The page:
I listened to this on audiobook a while back. I really enjoyed it on audio, mostly because Imogen, the narrator, has an AH-MAY-ZING voice! Her accent is perfect for this book!
Unfortunately, I noticed in the book world, the written book didn’t get such nice reviews. That makes me sad, because the audio was so fun! Yes, the story gets a little convoluted at times, but the twists in the story are almost impossible to predict, so that makes it a nice book 🙂
Author: Ruth Ware
Number of pages: 370
Purchase it here.
Isa, the main narrator, is a lawyer living in London. When she receives a text, “I Need You,” she knows exactly who it’s from, and she knows even more that she will go. The text was from her school friend, Kate. Along with Fatima and Thea, the four friends are reunited after years of separation.
The book divides between the present and the past, as the story of friendship, family, and love are unraveled. When the friends find out why Kate called them all together, none of the four of them knows if their friendship can survive the fallout.
Ruth Ware is the author of other books like: The Woman in Cabin 10, The Turn of the Key, and The Death of Mrs. Westaway. She writes from North London, where she lives after moving from Paris and Sussex. You can find her at her website here.
Miss Farquharson turned and was about to go, when she stopped and her expression changed. She bent and sniffed the air above Thea’s head. “Thea, what’s this I smell? Please don’t tell me you have been smoking on school property. Miss Weatherby made it very clear last term that if there were any further instances of this we’d be calling your father and discussing suspension.”
There was a long pause. I saw Thea’s fingers were gripping the table edge. She exchanged a look with Kate and then opened her mouth – but to my own surprise, I found myself speaking first.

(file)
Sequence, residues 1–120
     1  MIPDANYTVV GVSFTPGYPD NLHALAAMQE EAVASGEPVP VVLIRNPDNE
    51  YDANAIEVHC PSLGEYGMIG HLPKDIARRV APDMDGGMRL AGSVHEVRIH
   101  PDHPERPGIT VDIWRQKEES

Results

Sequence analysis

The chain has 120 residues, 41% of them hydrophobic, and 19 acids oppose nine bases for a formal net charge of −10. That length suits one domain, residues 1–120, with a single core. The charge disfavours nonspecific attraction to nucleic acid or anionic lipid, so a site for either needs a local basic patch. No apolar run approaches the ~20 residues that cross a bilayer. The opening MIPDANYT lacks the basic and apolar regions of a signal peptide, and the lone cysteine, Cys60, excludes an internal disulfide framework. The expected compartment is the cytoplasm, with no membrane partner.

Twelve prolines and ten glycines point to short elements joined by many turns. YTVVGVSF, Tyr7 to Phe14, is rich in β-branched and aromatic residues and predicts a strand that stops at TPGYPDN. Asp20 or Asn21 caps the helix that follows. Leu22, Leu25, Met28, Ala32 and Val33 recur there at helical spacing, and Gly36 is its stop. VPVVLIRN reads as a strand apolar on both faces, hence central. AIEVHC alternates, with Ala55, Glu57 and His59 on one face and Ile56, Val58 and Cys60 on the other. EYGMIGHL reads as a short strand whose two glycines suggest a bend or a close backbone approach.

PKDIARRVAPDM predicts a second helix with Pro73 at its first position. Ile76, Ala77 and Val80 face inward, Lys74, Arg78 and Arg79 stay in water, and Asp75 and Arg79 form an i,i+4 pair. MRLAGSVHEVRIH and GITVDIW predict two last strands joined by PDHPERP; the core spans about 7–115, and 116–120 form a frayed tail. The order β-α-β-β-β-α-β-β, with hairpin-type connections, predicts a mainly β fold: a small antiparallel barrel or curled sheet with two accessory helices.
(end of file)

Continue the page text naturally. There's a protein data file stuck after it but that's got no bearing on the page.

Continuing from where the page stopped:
“We were stuck in a smoking carriage, Miss Farquharson. On the train. There was a man there with a cigar – poor Thea was sitting next to him.”
“It was disgusting,” Fatima put in. “Like, really stinky. I felt sick even though I was by the window.”
Miss Farquharson turned to look at us, and I could see her appraising us both – me with my clear girlish face and smile, and Fatima, her dark eyes innocent and guileless. I felt my fingers go nervously to my hair and stopped myself, linking my fingers together behind my back, like a kind of restraint hold. Slowly, Miss Farquharson nodded.
“How very unpleasant. Well, we’ll say nothing more, Thea. This time. Now sit down, girls. The prefects will start serving out in a moment.”
We sat down, and Miss Farquharson moved away.
“Bloody hell,” Thea whispered. She reached across the table to where I was sitting and squeezed my hand, her fingers cold against mine and still shaking with spent nerves. “And…God, I don’t know what to say. Thank you!”
“Seriously,” Kate said. She shook her head her expression a mix of relief and rueful admiration. The steely fury I’d seen in her expression as she faced up to Helen was gone, as if it had never existed. “Both of you pulled that off like pros.”
“Welcome to the Lying Game,” Thea said.
This book is very well-written. I am enjoying it very much. I’m writing this review, even though I haven’t read the book all the way through, I’ve listened to the audio, so I know the story. I drove as often as I could so I could listen to the book. I was completely hooked! The characters were a little one-dimensional, but I could overlook that because the story was so good! Isa is a mom, and I often wondered how safe the baby truly was with her. She drank, smoked, and left the child alone quite a bit, in order for her friends to not feel abandoned.
The author does a fantastic job at building the world of the story. The reader can tell she really knows England, because she really brings us into the story through the setting. At times, I could really feel I was walking through the bog, or watching the sunset over the Reach. I could even visualize myself sitting at lunch with the 4 girls at Salten School.
I’m giving this book 4 stars, because while I did really enjoy it, I couldn’t get past the one-dimensionality of the characters. Fatima seemed the most well-rounded, and she isn’t in the story as much as the other girls. The book is action-driven, rather than character-driven, which as you know from other reviews, I prefer. I love good character growth as much as the next person, but if the characters’ growth comes at the expense of a good story, I tend to frown to myself.
I enjoyed this book, and I hope you did too. Unfortunately, this book didn’t get the good reviews that I would expect. This book had some unexpected twists and turns, but they made the story more enjoyable, not less. The book was the perfect combination of character driven and action driven. Even though the book goes back and forth between present and flashback, it wasn’t confusing.
I hope you like this book! Have you read it? What did you think? Let me know in the comments below! I’d also love to connect with you on Instagram and Facebook! You can find me on Instagram here and Facebook here!
Until next time, Bookworms!